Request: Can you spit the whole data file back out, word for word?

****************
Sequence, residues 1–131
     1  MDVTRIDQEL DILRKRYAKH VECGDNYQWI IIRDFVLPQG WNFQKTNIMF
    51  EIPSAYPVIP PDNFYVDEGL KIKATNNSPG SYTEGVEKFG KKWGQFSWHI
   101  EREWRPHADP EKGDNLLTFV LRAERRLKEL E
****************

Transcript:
Sequence, residues 1–131
     1  MDVTRIDQEL DILRKRYAKH VECGDNYQWI IIRDFVLPQG WNFQKTNIMF
    51  EIPSAYPVIP PDNFYVDEGL KIKATNNSPG SYTEGVEKFG KKWGQFSWHI
   101  EREWRPHADP EKGDNLLTFV LRAERRLKEL E